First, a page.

What Should You Know About Chinese New Year?

What Should You Know About Chinese New Year?

Chinese New Year falls on a different date every year due to the discrepancies between the western Gregorian calendar and the lunar calendar used by China and other East Asian countries.

Although the new year 2018 began over a month ago, it’s almost time for another New Year celebration, this time for the Year of the Dog on February 16th. Chinese New Year falls on a different date every year due to the discrepancies between the western Gregorian calendar and the lunar calendar used by China and other seat Asian countries. Did you know that in Vietnam, the Lunar New Year is known as Tet? If you’ve never celebrated CNY before, let’s find out more about it together.

Why the Date Changes

Every year in America, January 1st is acknowledged as the first day of a new year. This convention is widely recognized across the world as well. But some cultures, particularly those that predate the societies of the western hemisphere, mark their own new year’s celebrations at different points in the year. As we mentioned above, the lunar calendar is the biggest determining factor, although Chinese New Year typically occurs between January 21st and February 20th.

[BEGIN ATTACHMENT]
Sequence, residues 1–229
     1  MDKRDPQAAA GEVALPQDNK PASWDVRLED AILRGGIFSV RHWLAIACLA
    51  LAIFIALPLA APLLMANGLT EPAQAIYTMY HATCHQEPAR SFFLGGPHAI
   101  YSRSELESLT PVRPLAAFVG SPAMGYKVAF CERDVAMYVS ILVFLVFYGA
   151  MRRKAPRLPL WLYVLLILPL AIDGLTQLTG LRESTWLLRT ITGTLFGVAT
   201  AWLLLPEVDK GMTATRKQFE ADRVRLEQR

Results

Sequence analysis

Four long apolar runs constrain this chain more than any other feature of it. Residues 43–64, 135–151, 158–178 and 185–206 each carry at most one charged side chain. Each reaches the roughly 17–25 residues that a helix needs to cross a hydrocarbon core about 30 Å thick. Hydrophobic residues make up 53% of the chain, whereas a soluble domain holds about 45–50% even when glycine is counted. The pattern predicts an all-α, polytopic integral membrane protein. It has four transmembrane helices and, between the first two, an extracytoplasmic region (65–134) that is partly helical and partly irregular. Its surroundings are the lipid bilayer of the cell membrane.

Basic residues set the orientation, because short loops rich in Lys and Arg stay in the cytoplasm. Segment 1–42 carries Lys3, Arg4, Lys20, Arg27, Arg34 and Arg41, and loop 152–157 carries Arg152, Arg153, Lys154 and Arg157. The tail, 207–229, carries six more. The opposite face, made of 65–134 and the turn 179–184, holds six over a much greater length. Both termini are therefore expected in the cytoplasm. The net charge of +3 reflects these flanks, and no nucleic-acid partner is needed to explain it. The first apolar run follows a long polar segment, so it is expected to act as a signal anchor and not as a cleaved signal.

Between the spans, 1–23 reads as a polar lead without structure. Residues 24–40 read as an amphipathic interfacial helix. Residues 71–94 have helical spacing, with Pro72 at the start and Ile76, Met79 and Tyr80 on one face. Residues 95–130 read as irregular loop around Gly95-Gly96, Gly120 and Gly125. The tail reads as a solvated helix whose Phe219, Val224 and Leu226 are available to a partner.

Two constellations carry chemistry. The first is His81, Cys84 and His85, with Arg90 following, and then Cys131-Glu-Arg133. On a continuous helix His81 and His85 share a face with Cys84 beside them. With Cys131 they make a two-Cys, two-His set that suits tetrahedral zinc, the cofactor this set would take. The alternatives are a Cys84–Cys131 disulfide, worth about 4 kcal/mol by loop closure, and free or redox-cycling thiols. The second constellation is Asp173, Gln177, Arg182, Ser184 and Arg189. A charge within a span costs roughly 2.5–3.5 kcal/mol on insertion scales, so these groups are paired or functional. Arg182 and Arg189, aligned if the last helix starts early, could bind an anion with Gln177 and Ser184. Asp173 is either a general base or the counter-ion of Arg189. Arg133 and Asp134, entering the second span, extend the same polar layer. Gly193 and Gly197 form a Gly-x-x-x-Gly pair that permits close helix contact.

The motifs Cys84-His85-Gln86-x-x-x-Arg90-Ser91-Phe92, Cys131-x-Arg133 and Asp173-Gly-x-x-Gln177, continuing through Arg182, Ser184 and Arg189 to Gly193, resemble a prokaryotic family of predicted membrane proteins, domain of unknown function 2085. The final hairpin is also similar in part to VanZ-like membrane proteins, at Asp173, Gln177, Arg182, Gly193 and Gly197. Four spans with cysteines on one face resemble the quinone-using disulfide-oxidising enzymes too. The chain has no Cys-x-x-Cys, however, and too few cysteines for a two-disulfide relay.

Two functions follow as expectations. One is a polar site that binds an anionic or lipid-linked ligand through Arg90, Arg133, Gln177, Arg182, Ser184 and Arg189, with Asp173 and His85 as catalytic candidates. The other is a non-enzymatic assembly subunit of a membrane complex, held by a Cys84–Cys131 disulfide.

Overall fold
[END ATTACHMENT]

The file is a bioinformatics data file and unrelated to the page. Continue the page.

What You to Do to Prepare

Spring cleaning is a tradition we often observe by cleaning up our homes after winter has ended. But in China and the other countries that follow the lunar calendar, spring cleaning is a time for renewal; after all, Chinese New Year is also known as the spring festival. The cleaning process begins the week before the actual new year as a way of leaving the previous year behind and giving the imminent one a fresh start.

Some Other Traditions

Staying up late: We all enjoy staying up late to have fun at parties and watch the festivities on TV. The same could be said of everyone living in China. A reunion dinner is a banquet meant to reconnect family and friends and then everyone gathers to watch the Spring Festival Gala, which is basically the equivalent of New Year’s Rockin’ Eve, from a certain point of view.

Setting off firecrackers: Fireworks are a traditional part of celebrating Chinese New Year, as is setting off firecrackers. If you think the displays you’ve seen growing up are spectacular, they don’t compare to the shows you’d find in Hong Kong, Taiwan, or Mainland China.

Giving gifts: CNY is often compared to Christmas because of the time spent with families and the tradition of giving gifts. The red envelopes given by older relatives to younger relatives are filled with money and are meant to bestow good fortune on the recipient; this is because red is considered a lucky color.

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